food, farming, friends and family: a meditation on chosen simplicity and (in)voluntary complications – life.

Snickerdoodle-ocity

You’ve heard the saying, If you want to make an omlette, you’ve gotta break a few eggs. Well, I’ve got a similar one for tonight’s culinary adventure: snickerdoodles. If you want to make snickerdoodles, you’ve gotta use a whole lot of butter. Don’t get me wrong; there are plenty of butter substitutes and I’ve seen and tasted lots of great lower-fat recipe alternatives. But I’m starting to appreciate the depth and flavor butter lends to all kinds of dishes – sweet and savory alike, from sauteed greens to cakes to bowls of popcorn. A former butter-phobe, I’m surprising myself! And my trials in snickerdoodle-dom have made it official: it pays not to skimp on the butter … or the sugar … or the cream of tartar (whatever the hell that is – ok, so I got curious: cream of tartar). Here’s the recipe I used – it makes about 2 dozen cookies – I recommend sharing with friends and making your bed beforehand: There’s a sugar-induced bliss – the snickerdoodle food coma – that is sure to follow:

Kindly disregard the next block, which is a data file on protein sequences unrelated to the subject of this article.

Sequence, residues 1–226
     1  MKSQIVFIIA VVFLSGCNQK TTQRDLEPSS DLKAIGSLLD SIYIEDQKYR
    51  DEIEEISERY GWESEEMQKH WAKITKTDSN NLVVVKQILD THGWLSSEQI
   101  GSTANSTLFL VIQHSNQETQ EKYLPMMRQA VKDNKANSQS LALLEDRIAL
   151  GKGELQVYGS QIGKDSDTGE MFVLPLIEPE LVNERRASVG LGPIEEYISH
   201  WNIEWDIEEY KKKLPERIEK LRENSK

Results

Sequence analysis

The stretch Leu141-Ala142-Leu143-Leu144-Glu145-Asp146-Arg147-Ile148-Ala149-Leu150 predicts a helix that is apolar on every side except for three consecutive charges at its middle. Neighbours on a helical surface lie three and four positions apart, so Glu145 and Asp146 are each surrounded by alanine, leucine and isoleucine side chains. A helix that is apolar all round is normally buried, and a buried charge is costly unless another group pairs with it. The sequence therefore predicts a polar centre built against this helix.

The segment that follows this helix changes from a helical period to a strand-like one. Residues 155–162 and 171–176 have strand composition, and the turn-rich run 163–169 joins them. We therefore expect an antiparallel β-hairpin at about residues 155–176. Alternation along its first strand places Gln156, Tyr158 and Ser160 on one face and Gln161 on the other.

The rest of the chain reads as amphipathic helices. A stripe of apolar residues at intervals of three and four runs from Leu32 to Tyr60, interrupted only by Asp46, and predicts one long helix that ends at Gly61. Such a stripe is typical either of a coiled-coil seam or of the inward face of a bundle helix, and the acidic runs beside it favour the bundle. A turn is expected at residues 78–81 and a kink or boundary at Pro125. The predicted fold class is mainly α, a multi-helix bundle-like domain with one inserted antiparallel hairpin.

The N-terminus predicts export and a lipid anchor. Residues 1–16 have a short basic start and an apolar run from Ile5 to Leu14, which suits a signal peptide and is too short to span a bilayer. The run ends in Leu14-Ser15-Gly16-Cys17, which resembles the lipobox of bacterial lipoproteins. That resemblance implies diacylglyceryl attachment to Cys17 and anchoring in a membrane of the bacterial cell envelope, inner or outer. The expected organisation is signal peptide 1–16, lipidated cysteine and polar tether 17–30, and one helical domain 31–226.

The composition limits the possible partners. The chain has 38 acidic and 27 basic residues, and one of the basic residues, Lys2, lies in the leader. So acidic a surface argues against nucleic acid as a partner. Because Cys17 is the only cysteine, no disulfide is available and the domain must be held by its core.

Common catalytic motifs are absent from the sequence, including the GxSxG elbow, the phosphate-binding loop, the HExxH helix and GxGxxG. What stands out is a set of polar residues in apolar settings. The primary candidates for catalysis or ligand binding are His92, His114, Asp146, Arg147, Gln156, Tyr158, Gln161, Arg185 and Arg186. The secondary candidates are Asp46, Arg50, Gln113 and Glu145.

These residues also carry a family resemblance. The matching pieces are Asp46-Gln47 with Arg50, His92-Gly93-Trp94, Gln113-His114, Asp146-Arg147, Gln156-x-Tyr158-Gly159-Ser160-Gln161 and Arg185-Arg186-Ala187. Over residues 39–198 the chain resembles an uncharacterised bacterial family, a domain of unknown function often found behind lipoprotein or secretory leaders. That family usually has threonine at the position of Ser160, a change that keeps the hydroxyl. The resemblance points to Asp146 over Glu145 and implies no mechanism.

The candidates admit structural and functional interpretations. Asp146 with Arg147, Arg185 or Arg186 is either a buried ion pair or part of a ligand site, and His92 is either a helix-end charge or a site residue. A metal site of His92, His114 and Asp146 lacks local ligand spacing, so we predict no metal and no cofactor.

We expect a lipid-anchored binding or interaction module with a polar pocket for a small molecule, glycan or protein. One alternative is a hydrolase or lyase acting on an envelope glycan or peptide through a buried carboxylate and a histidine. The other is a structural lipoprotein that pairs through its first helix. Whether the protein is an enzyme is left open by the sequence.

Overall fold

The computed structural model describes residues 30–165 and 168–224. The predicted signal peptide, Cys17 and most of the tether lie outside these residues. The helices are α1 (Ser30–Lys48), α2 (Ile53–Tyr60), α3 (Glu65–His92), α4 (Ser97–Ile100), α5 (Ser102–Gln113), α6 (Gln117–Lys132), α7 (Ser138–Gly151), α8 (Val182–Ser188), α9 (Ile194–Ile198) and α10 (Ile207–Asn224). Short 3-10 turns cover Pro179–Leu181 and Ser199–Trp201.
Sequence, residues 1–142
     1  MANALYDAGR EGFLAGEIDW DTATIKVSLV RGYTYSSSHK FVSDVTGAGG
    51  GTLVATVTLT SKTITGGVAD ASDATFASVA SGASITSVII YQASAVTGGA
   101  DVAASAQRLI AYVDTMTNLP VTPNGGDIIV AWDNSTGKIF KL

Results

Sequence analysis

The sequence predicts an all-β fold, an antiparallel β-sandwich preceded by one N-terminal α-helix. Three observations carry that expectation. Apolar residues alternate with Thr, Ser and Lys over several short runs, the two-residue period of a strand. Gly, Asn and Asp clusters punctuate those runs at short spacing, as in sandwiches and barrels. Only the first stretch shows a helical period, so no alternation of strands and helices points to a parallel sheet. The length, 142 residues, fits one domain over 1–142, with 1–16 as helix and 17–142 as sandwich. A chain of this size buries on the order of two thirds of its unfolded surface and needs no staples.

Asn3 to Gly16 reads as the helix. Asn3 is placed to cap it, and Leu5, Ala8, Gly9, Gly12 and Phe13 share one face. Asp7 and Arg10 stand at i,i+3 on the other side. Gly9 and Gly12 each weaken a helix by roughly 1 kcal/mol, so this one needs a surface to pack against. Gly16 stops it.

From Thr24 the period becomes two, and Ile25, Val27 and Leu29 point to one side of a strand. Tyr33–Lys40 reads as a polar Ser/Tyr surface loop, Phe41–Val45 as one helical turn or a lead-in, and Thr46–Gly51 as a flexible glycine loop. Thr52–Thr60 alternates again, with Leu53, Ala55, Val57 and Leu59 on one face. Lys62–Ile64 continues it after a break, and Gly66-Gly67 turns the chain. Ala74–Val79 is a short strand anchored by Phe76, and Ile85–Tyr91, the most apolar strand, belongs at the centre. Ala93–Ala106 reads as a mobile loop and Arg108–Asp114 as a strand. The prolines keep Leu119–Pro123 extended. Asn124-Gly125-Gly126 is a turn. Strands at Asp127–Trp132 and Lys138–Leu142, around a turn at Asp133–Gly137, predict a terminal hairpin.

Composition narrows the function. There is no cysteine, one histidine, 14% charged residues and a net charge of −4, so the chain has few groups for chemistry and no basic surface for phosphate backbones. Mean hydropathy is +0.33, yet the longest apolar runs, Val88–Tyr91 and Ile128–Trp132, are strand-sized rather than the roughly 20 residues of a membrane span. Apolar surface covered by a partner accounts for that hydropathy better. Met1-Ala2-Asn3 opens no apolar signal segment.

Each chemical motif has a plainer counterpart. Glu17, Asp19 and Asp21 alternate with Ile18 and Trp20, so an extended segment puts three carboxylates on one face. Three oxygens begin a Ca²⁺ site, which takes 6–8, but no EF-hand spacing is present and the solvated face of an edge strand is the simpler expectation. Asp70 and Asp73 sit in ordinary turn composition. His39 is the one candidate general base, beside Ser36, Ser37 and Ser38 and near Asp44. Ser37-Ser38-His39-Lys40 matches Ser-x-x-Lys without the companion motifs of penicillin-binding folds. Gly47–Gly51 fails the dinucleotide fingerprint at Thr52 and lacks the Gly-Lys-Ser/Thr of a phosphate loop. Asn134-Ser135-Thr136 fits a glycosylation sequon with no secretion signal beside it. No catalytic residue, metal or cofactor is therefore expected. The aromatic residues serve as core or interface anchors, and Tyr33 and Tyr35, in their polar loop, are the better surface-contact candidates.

SNICKERDOODLES


DOUGH:
1C Butter
1.5C Sugar
2 Large Eggs
2 tsp Vanilla Extract
2.75C Flour
2 tsp Cream of Tartar
1 tsp Baking Soda
1/4 tsp Salt

SUGAR TOPPING:
3 Tbsp Sugar
3 tsp Cinnamon


  • Preheat the oven to 350 degrees
  • Cream together the butter, sugar, eggs and vanilla extract
  • Combine dry ingredients, and then mix them into the butter blend
  • Chill the dough in the refrigerator for 10 minutes or so
  • Meanwhile… Mix together the ingredients for the sugar topping on a plate or a pie pan, a flat surface where you can roll the dough.
  • Roll the dough into small mounds – about an inch around – and roll those globs around in the cinnamon/sugar mixture. Give them plenty of room on the cookie sheet – they’ll spread out!
  • Bake for 10 minutes, and keep an eye on them. They cook fast, and their texture changes quickly too. This is why I keep the mounds of dough pretty small – to make sure their middles cook before their edges get too crispy.
  • Pull the cookies from the baking sheet and let cool for as long as you can keep your hands off of them.
  • Yum.


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One response

  1. As a fellow former butter-phobe, I say: add more butter, spread the love, and spread the message of butter's fantasticness.

    April 13, 2010 at 11:45 pm

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